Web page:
Mission Nuestra Señora de la Soledad

Mission Nuestra Señora de la Soledad was founded on October 9th, 1791 by Father Fermín Lasuén and named Our Lady of Solitude. It is thirteenth in the chain of the missions. In 1797, the first church was completed and enlarged in 1805.

Located in a lonely, desolate site in the Salinas Valley, the mission survived under difficult weather conditions. Besides that, the area was either damaged by floods, whipped by non-stop winds or made to suffer through dry periods.

Despite all these adverse conditions, Nuestra Señora de la Soledad became a prosperous mission because of the fertile lands in the valley. Agricultural production and livestock herds were high. Nonetheless, the period of prosperity lasted only a few years, and soon misfortune settled in on Mission Soledad.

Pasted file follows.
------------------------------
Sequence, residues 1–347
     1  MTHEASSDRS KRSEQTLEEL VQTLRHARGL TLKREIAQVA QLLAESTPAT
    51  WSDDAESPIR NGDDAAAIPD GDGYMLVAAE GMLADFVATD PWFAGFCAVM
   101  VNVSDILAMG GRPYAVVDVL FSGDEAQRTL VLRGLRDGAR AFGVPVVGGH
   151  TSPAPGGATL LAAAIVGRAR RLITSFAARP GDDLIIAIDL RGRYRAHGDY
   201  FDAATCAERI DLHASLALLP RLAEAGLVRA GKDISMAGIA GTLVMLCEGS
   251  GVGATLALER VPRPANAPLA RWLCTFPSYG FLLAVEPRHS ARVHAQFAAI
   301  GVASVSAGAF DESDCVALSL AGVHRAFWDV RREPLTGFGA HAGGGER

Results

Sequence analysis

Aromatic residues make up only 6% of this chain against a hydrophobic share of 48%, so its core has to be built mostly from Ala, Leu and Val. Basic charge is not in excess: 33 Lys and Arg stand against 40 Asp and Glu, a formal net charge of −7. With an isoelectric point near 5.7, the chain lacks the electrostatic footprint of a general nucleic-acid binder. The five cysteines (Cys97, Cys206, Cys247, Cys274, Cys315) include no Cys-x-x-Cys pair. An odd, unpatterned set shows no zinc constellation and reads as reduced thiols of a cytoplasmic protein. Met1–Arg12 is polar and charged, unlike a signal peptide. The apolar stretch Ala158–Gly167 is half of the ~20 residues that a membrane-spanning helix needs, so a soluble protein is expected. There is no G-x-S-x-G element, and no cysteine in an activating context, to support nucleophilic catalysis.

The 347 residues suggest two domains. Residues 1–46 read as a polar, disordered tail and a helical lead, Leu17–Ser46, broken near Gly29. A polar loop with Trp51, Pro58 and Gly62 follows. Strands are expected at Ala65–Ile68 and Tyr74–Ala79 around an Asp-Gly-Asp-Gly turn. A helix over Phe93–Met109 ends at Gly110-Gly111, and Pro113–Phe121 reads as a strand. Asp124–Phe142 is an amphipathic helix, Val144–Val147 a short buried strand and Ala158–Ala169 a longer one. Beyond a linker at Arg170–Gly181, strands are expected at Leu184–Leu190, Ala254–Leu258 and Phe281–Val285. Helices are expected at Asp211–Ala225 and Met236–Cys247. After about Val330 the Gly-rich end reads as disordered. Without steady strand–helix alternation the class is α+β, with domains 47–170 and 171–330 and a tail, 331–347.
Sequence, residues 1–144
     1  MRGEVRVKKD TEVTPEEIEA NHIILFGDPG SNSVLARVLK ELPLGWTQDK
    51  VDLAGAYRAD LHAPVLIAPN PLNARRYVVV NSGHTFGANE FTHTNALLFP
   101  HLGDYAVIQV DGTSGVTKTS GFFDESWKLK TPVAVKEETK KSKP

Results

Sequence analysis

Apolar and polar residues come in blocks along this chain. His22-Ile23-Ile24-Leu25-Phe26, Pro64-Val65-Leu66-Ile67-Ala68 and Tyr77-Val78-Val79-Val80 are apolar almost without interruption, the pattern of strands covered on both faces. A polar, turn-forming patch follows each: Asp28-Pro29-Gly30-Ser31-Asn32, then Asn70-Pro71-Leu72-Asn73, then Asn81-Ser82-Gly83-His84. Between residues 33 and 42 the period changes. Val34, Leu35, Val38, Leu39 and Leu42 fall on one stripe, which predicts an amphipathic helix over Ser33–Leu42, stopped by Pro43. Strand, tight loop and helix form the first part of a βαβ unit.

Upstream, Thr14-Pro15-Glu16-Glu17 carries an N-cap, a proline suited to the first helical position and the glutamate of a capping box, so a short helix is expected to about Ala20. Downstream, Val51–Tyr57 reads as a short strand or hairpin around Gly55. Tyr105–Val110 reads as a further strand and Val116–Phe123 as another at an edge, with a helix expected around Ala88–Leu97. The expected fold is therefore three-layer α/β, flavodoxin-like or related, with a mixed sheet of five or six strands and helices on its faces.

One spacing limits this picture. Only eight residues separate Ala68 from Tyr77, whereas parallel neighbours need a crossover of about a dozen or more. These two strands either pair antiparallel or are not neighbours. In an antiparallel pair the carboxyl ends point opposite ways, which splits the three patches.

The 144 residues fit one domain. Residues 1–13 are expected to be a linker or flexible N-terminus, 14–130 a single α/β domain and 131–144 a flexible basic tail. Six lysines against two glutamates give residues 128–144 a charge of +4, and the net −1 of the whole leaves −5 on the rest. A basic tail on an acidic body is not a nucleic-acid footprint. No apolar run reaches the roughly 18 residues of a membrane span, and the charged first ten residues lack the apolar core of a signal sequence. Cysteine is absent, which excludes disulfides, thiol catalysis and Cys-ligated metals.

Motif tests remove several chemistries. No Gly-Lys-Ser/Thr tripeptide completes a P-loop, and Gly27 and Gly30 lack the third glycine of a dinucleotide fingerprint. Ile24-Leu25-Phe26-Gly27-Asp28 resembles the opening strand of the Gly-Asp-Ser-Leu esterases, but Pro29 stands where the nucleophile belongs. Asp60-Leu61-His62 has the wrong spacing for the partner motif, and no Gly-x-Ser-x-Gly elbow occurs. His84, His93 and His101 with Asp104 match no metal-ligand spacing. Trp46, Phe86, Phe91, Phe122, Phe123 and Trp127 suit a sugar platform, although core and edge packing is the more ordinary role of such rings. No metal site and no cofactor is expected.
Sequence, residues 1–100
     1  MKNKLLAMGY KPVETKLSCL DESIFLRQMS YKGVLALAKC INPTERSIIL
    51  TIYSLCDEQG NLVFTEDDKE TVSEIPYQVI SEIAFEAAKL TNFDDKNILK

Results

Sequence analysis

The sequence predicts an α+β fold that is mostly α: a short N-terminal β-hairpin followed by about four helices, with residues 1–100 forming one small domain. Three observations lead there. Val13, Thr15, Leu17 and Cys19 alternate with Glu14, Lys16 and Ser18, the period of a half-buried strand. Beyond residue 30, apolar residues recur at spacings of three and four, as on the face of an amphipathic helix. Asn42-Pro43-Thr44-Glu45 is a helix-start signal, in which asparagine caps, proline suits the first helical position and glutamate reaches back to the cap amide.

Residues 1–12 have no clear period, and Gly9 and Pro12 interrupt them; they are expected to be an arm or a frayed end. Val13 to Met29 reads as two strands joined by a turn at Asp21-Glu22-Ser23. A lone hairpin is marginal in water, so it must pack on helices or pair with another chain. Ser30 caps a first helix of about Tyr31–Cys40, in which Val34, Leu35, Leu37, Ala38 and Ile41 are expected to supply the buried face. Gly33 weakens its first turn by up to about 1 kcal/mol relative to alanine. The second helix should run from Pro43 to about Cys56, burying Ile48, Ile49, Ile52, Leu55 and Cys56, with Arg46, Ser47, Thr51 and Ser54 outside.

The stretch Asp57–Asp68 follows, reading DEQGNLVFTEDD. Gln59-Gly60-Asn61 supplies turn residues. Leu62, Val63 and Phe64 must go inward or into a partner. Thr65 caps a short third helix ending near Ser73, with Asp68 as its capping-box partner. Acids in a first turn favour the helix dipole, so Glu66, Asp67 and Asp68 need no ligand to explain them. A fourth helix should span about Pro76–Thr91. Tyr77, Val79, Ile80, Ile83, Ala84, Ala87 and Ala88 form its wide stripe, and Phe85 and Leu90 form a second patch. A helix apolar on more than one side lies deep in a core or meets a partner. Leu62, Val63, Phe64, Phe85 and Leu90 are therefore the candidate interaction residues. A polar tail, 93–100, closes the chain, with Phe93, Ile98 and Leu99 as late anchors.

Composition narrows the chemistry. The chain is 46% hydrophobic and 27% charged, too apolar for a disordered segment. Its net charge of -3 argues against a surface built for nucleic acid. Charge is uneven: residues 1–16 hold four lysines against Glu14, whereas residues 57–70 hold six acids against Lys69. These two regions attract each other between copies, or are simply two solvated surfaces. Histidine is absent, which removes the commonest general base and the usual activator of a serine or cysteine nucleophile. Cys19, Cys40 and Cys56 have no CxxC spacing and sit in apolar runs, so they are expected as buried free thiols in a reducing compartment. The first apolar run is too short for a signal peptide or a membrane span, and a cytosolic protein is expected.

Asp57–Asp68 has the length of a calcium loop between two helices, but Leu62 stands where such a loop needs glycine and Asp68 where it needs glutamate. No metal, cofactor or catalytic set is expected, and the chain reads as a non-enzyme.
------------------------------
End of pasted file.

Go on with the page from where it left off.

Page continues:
Many Indians died from disease, numerous floods wiped out the mission buildings, and one by one all leaders died. The church collapsed in 1831, and in 1841 it was secularized. It was sold in 1846 by the Mexican Government for $800 and returned to the church in 1859.

The ruins of the mission sat untouched for over one hundred years until 1954, when the Native Daughters of the Golden West started a restoration project for the mission and created a small museum. In 1963, the Padres wing was restored and, a year later, the old chapel was re-established. Today, the former lonely place of desolation has become a charming oasis.

Location of Mission Nuestra Señora de la Soledad

36641 Fort Romie Road, Soledad, CA 93960, United States

Official Website of Mission Nuestra Señora de la Soledad

Official Mission Website